Banks Face Challenge Of Integrating Cyber And Operational Risk https://www.forbes.com/sites/steveculp/2017/04/26/
 Building confidence: Solving banking’s cybersecurity conundrum https://www.accenture.com/
Securing the vault: Cybersecurity and banking | 3
if detected, a long mean time to respond (MTTR) means more
damage can be wrought before resources are brought to bear.
In addition to responding to external threats, banks need to keep
their own houses in order. Insider threats are a constant concern,
as is regulatory compliance6. And privacy breaches can result in
substantial penalties under GDPR. More data will be added to the
terabytes that already exist due to MiFID II requirements. To make
things even more complicated, the requirements of PSD2 mean
systems must be open to outside service providers, potentially
allowing more avenues of attack. It’s enough to make a banker
want to take up something less stressful.
Banking on technology
The good news is that there are tools to help banks deal with
these challenges. A single pane of glass that allows a view across
the organisation is possible with security information and event
management (SIEM) platforms. NextGen SIEM takes this to the
next level with the help of big data architecture and advanced
analytics and incident response capabilities.
Many banks already have such platforms in place to monitor
network activity and screen for anomalous events. Evolving
to a NextGen SIEM platform allows for process automation to
reduce MTTD and MTTR. Combined with data lakes, which bring
all data into a central location accessible to all users, and the
appropriate, scalable, technology to effectively analyse the data,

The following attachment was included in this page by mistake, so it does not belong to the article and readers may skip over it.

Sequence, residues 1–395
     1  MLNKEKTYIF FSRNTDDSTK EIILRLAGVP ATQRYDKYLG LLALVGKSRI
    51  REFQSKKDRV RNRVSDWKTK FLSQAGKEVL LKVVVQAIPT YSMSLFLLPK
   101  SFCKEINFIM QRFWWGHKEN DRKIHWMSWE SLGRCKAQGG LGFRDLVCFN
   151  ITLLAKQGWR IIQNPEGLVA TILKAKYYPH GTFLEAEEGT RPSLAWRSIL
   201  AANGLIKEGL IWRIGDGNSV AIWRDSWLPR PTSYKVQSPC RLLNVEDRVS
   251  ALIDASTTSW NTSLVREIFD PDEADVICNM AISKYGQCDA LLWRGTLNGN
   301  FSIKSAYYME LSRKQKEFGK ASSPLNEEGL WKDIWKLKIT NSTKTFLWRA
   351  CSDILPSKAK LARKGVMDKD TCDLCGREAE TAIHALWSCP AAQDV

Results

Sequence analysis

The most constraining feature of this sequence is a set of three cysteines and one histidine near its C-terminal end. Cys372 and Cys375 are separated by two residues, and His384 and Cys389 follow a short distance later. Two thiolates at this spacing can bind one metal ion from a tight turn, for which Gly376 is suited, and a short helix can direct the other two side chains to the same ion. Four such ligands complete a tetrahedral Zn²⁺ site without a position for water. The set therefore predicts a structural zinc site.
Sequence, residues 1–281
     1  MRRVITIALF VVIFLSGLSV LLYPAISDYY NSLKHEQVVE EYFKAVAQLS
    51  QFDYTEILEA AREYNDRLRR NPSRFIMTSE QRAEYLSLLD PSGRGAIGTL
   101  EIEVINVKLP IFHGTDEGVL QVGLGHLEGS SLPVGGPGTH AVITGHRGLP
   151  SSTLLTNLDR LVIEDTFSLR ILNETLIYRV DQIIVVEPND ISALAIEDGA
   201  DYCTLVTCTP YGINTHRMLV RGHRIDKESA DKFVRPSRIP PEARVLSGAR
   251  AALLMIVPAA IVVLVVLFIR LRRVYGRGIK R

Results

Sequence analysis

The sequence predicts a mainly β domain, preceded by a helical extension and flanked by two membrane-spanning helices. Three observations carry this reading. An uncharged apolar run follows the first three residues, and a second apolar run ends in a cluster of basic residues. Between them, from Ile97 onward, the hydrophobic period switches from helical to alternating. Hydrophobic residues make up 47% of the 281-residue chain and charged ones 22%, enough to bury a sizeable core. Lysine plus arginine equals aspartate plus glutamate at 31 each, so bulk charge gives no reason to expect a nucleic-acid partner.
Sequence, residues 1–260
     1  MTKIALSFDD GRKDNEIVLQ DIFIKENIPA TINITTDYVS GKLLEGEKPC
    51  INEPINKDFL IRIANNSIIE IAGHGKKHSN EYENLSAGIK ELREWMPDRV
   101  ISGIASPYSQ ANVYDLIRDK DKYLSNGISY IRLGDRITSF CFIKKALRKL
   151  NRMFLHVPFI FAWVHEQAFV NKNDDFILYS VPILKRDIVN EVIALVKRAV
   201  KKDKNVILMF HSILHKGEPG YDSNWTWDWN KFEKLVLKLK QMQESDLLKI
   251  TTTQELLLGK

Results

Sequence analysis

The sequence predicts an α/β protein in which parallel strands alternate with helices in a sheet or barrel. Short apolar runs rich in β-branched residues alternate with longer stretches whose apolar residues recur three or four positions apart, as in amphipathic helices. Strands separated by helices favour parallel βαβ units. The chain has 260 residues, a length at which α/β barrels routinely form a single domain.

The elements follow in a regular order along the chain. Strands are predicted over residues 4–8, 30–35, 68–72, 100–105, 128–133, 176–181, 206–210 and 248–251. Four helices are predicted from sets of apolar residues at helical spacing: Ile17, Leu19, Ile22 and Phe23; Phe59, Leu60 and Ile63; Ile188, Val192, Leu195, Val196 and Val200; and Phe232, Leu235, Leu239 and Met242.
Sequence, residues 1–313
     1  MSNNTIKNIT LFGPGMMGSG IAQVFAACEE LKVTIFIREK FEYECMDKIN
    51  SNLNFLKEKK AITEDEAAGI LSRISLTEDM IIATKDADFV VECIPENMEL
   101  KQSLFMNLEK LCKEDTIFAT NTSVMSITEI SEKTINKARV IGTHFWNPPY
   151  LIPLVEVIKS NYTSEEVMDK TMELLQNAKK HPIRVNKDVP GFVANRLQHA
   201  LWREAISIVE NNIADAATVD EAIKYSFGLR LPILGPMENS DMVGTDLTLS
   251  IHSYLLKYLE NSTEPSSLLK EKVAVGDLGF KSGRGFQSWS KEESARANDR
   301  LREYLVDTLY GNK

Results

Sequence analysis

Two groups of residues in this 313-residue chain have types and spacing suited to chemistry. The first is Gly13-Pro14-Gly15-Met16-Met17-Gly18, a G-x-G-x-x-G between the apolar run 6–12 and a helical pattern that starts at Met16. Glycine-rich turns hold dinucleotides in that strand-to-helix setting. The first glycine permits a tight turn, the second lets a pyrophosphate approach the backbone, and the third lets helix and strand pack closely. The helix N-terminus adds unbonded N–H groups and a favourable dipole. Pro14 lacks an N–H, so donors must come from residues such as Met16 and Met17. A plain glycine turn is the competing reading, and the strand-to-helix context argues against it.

security reviews that might have taken days or weeks can now be
completed in minutes.
Having visibility of activity across the IT infrastructure and
physical security (such as door pass readers) is the foundation
of even more robust security. User and entity behaviour
analytics (UEBA) automates monitoring for unusual activity
and triggers alerts and responses, helping to reduce MTTD and
MTTR even further.
For example, if a user is accessing data or accounts they are not
assigned to or if they’re sending email attachments to personal
email addresses, UEBA can identify this and trigger security
automation orchestration (SAO). This can automatically lock
down threats, isolating them from the network, and send an
alert to prompt further investigation. In addition, SAO facilitates
forensic investigation of incidents, improving future security. In a
business where insider activity is a constant threat7, this can save
reputations and bottom lines.
Why the ‘means’ matter
Mean time to detect (MTTD):
This is how long it takes to detect
an incident. Disparate legacy
systems, as exist in many banks,
can mean no single overview is
available, slowing detection. A
system that cuts across systems
and silos and provides a unified
view can greatly reduce MTTD. This
is also why many banks are looking
to data lakes, unified data storage
that different business units can
Mean time to respond (MTTR):
This is how long it takes to act
on an identified security breach.
Detection without response is like
a burglar alarm without a police
force. Ideally, you want to be able
to respond quickly enough to stop
damage being done, information
being compromised, or funds being
stolen. There’s no point closing the
vault door after the money is gone.
 Changing Cybersecurity Regulations that Global Financial Services Firms Need to Know About
 Here’s the story of how a guy making $66,000 a year lost $7.2 billion for one of Europe’s biggest banks http://www.